Welcome to Scouts BSA
New Parent’s Guide
Introduction Message from the Scoutmaster:
Welcome to Troop 133!
They say that a journey of a thousand miles begins with one step. Your son has taken that important first step by joining Troop 133. Along the way he will make new friends, learn scout skills and life skills, perhaps a lifelong hobby or even a career. He’ll be challenged to go beyond the boundaries of his comfort zone both mentally and physically. If he sticks with it, he will develop leadership skills that will distinguish him from the crowd.
The program is designed so that the pace with which your son progresses through scouting will be unique to him. There is no right or wrong pace. The more active a scout is, the quicker and easier it will be for him to advance in rank and earn more awards and the more fun he will have.
As parents, you can help your scout succeed by staying informed (read the newsletters, attend the Parent’s meetings), ensuring he is properly uniformed, and he is active (regularly attends troop meetings and outings/activities). You can also help the troop succeed by being an active troop volunteer. The Troop is an all-volunteer organization. It is essential that every family support the troop by taking on a job (or two). You’ll learn more about the opportunities available at the Parents’ meeting.
This Guide was written with new scouts and new parents in mind. Take a moment to review its content. As questions arise, please refer back to this Guide for most of the answers. If you have unanswered questions, please ask.
Welcome to Troop 133! You are now part of the family.
Yours in Scout -
Troop 133 Uniformed Leaders and Committee Members
Brief History of Troop 133
Troop 133 was founded in December 1976, as a troop emphasizing the three core Scouting principles of Duty to God & Country, Duty to Others, and Duty to Self. While Troop 133 is chartered by Sardis Presbyterian, its program welcomes scouts of all faiths. The Leadership of the Troop strongly supports the adoption of non-discrimination policies by Scouts BSA, especially as it applies to membership. We want all Scouts to have access to and benefit from the scouting program, regardless of their race, religion or sexual orientation.
Troop 133 has a commitment to providing boys aged 11-17 the opportunity to mature into young men by learning outdoor skills and leadership. The program is focused on advancement by achieving the requirements defined by the Scout-BSA National guidelines. We camp every month of the year giving the youth a chance to experience different activities each month. Each summer we attend summer camp and boy 13+ and Rank of First class to participate in a High Adventure trip.
Why Troop 133?
Trained adult leaders
Leaders active in the District & Council
Youth Leadership Training opportunities: Den Chief, ILST, S.E.A.L.S., NYLT, NAYLE
Active Outdoor Program – Backpacking, cold weather camping, whitewater rafting, caving, horseback riding, cycling, etc.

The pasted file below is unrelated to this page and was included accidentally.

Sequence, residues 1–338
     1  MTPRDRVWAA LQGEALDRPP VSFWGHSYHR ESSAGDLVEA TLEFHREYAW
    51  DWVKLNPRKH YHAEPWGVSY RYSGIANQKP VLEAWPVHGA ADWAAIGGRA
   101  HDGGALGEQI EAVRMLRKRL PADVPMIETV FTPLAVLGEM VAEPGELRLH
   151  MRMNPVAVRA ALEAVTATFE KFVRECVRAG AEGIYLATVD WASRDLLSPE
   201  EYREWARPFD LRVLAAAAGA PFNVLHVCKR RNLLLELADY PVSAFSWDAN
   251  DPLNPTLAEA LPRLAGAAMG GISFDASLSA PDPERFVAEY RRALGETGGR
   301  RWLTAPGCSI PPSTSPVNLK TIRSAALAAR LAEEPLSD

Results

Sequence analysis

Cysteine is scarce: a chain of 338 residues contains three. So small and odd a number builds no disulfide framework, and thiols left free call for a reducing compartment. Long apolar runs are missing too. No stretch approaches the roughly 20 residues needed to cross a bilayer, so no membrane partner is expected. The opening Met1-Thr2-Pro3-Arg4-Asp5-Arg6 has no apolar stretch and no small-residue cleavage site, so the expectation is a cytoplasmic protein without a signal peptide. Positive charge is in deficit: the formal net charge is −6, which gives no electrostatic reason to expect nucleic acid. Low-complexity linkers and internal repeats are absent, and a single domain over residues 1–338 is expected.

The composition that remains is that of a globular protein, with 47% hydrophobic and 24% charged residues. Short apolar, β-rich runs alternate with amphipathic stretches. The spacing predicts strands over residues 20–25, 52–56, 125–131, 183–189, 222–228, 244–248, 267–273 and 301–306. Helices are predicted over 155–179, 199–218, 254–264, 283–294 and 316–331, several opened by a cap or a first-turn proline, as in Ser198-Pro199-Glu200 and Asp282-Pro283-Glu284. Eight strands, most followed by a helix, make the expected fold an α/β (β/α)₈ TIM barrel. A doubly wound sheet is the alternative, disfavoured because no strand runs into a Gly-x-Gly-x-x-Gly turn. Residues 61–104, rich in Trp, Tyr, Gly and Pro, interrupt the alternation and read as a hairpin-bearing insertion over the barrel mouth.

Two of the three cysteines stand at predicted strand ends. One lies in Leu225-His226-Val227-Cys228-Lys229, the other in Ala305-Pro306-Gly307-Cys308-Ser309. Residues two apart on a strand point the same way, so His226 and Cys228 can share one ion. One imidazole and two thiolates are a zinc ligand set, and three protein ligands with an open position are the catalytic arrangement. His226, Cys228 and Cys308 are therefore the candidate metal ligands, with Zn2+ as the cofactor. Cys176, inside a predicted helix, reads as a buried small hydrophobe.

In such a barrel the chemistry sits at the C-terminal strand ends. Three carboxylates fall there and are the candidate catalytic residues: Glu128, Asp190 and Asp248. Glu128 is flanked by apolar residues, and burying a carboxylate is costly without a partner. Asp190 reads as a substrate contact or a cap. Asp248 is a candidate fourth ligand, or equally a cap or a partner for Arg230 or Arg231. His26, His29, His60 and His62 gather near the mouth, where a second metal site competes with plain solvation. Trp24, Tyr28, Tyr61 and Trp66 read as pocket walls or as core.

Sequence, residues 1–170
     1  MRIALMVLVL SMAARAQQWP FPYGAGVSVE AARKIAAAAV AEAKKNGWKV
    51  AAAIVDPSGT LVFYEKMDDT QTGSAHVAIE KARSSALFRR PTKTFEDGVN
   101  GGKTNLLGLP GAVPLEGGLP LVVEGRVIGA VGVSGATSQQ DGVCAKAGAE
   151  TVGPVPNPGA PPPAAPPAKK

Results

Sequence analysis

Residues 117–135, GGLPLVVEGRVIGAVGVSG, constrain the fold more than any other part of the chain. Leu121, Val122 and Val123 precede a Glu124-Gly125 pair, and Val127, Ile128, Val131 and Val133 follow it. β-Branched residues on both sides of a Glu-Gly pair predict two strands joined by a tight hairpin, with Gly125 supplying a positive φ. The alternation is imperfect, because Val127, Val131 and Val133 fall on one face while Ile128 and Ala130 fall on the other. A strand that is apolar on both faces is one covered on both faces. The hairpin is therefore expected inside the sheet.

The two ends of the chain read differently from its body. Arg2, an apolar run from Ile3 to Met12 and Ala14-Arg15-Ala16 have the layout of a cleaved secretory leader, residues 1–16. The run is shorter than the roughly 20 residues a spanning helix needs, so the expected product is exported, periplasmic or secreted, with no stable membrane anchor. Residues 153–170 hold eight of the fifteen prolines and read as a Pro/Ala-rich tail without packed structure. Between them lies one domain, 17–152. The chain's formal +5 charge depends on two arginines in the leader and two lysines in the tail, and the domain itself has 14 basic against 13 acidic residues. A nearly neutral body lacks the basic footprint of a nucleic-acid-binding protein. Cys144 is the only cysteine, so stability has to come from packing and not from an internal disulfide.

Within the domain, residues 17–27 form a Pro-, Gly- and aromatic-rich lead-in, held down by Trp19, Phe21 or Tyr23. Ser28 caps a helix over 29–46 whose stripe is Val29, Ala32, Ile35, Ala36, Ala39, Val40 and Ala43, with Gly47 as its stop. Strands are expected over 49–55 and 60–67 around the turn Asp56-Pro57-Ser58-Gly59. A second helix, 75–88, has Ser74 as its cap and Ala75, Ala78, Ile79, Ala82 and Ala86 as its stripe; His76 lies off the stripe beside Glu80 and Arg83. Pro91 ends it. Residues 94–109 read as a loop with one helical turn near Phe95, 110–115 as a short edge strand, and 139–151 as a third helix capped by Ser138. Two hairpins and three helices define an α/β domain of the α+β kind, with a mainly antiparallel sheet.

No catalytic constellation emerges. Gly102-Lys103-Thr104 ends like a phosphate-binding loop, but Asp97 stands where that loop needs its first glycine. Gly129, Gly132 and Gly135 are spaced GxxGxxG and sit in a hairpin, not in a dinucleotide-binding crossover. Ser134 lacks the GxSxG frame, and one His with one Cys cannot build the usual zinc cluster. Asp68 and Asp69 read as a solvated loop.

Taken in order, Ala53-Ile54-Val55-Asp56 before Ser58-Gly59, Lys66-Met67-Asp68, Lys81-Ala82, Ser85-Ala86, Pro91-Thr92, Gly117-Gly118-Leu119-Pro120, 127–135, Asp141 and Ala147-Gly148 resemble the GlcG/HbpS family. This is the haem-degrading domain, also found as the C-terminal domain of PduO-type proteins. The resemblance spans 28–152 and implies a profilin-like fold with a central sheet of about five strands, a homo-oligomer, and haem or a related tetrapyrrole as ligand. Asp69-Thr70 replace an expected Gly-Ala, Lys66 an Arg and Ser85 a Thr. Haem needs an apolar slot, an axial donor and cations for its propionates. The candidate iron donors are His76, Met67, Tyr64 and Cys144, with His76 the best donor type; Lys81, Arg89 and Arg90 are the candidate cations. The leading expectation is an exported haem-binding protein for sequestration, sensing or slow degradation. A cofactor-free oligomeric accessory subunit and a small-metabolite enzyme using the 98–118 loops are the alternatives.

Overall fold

High Adventure Activities- Philmont, Sea Base, Backpacking on the AT, Kayaking in the Outer Banks
Shooting Sports: Archery, Shotgun, & 22 Rifle
Aims of Scouting
- Character development
- Citizenship training
- Mental and Physical Fitness
Methods of Scouting
- The Ideals: The Scout Oath, Scout Law, Motto & Slogan
- Patrol Method
- Association with Adults
- The Outdoors
- Personal Growth
- The Uniform
- Leadership Development
The Scout Oath
On my honor I will do my best
To do my duty to God and my country and to obey the Scout Law;
To help other people at all times;
To keep myself physically strong, mentally awake, and morally straight
The Scout Law
A Scout is:
Trustworthy, Loyal, Helpful, Friendly, Courteous, Kind,
Obedient, Cheerful, Thrifty, Brave, Clean,
The Outdoor Code
As an American I will do my best to.
Be clean in my outdoor manners. Be careful with fire.
Be considerate in the outdoors. Be conservation minded.
Do a Good Turn Daily
What does a Scout do in Troop 133?
Personal Code of Conduct
A Scout is expected to live his life by the principles of the Scout Oath and Law. We want him to be an example to those around him of the values, character and leadership of the Boy Scouts of America. A Scout should ALWAYS think like an ambassador and behave in a Scout-like manner that brings credit upon his family, the Troop, the community, and himself.
Scouts are expected to control their own behavior and those of other scouts. Those scouts who fail to live up to these standards will at the discretion of the Senior Patrol Leader and ultimately the Scoutmaster (or his designate) be subject to counseling/warning, probation, suspension, or even expulsion from the Troop. There is zero tolerance for hazing, bullying or violent behavior. A decision to suspend or expel a Scout from the Troop may be appealed to the Troop Committee.
Weekly Troop Meetings
The Troop generally meets on every Tuesday, 7:00 p.m. - 8:30 p.m. Exceptions: first Tuesday of each month is usually reserved for the Patrol Leaders’ Council (PLC)
Meetings are held at Sardis Presbyterian Scout Hut 6101 Sardis Rd.
Attendance requirements 75% on troop meetings and outings, frequent absences will impede the Scout’s advancement, and negatively impact the scouting experience.
Field Dress (Class A) uniforms shall be worn to Troop meetings, unless otherwise designated by the Scoutmaster. See the Scout Uniform section of this Guide for details.